Latimer, one of the most outstanding figures of the English Reformation, was preaching before King Henry VIII. He was about to say something he knew the king would dislike, so he held an audible dialogue with himself in the pulpit, calling out, “Latimer! Latimer! Be careful what you say. The king is here.” Then he paused and went on: “Latimer! Latimer! Be careful what you say. The King of kings is here.” Such knowledge gives boldness to Christ’s witnesses. This is what gave such boldness to John Knox. They said as they buried Knox, “Here lies one who feared God so much that he never feared the face of any man.”[3]

What we are learning is this: faith is not a list of doctrinal truths that we sign our name to (even though doctrine matters). Real faith is following Christ. We recognize Him and confess that He is Savior and Lord and then we follow Him as the one who is worthy of our allegiance. A faith that asks God to “stand by” while we “do our thing” is not real faith. That is to attempt to use God . . . not honor and serve Him.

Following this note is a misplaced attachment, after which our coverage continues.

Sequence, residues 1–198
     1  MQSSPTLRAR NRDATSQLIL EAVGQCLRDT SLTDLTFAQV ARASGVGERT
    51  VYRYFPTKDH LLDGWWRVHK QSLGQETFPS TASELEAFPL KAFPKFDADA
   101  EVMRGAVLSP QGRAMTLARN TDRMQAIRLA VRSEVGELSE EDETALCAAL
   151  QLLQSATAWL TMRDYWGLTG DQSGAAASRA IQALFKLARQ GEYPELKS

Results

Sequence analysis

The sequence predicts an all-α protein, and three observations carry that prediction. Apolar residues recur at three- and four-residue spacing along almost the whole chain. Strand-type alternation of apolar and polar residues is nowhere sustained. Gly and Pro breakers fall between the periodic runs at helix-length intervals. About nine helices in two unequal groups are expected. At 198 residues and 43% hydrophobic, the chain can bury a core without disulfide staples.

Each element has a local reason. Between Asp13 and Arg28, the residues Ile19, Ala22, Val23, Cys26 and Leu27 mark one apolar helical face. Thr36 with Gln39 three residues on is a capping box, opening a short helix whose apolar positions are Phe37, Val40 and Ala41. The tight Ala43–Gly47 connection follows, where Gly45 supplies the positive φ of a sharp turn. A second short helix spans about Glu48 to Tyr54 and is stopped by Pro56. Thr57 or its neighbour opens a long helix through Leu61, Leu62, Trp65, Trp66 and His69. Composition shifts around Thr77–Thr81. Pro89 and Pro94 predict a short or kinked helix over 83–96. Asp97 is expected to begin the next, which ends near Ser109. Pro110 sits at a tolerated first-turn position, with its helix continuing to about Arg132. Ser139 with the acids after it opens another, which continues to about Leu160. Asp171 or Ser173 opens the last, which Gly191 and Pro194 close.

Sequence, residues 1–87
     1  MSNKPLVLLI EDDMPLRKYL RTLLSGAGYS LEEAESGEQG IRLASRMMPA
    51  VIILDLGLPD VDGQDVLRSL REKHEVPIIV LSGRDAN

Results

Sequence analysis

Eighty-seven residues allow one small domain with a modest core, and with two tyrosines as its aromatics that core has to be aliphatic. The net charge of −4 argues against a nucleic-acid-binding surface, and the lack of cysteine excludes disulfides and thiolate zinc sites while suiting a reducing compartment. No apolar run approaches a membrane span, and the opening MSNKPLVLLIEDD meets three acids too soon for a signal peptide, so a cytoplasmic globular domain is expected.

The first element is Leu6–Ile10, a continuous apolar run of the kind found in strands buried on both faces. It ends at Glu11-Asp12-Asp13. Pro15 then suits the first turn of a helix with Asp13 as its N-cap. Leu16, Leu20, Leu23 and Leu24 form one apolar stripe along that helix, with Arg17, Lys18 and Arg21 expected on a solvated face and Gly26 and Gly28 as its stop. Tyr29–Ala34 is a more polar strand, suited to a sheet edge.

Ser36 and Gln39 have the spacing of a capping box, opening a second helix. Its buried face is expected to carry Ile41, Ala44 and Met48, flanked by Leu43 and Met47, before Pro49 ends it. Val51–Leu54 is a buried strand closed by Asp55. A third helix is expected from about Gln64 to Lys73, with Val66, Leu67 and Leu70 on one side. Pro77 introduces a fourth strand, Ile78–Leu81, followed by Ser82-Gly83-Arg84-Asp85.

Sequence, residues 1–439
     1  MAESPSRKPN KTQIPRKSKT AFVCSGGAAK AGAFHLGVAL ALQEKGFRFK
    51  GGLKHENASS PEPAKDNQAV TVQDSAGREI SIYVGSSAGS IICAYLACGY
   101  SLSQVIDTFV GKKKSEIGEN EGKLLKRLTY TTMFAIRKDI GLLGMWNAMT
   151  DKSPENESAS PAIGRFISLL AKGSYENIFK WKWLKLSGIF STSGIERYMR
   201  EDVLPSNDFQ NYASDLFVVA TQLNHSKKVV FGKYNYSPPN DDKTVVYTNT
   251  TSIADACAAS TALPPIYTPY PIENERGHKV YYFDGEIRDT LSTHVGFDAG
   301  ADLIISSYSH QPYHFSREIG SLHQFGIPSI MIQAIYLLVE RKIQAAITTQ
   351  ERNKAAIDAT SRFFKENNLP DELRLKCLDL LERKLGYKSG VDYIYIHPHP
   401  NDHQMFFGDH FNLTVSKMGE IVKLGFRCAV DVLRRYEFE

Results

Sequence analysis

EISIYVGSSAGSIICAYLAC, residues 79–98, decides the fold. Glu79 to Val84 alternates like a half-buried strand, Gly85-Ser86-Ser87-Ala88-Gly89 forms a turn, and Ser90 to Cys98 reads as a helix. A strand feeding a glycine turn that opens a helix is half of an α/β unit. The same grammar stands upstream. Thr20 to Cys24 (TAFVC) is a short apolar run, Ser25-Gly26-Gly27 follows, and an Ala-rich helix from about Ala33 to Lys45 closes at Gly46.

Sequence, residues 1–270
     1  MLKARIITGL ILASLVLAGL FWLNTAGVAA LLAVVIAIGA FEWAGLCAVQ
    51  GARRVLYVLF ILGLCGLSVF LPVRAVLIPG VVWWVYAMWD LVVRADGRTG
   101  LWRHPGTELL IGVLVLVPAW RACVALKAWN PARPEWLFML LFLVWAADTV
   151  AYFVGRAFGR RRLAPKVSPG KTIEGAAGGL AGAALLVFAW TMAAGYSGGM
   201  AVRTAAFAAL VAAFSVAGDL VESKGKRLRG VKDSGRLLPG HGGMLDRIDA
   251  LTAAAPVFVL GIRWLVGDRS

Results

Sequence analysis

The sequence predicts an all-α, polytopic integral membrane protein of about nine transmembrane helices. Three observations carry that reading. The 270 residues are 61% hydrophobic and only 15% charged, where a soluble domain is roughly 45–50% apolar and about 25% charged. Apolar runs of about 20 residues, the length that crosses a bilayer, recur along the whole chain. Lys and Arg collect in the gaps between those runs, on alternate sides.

So, what is it that you fear? What makes your heart race and keep you awake at night? The Biblical response to fear is faith. I know that sounds trite. Faith is putting your confidence in the Lord. It is trusting Him to handle situations. It means relying on His superior wisdom. It means resting in His promise that there is so much more to life than what we can know in this life.

The best response to fear is go to God in prayer and say, “Lord, help me to trust you. Help me to know that peace that comes from knowing you have it all under control.” Then remain in His presence until you start to know His peace.

Jesus said, “in the world, you will have tribulation, but take courage, because I have conquered the world.” If we remember this truth, the torment of fear can become a thing of the past.

[1] Sproul, R. C. (2013-02-28). Matthew (St. Andrew’s Expositional Commentary) (Kindle Locations 4793-4797). Crossway. Kindle Edition.

 

[2] Platt, David (2013-11-04). Exalting Jesus in Matthew (Christ-Centered Exposition Commentary) (Kindle Locations 2647-2649). B&H Publishing Group. Kindle Edition.

[3] James Montgomery Boice, The Gospel of Matthew (Grand Rapids, MI: Baker Books, 2001), 181.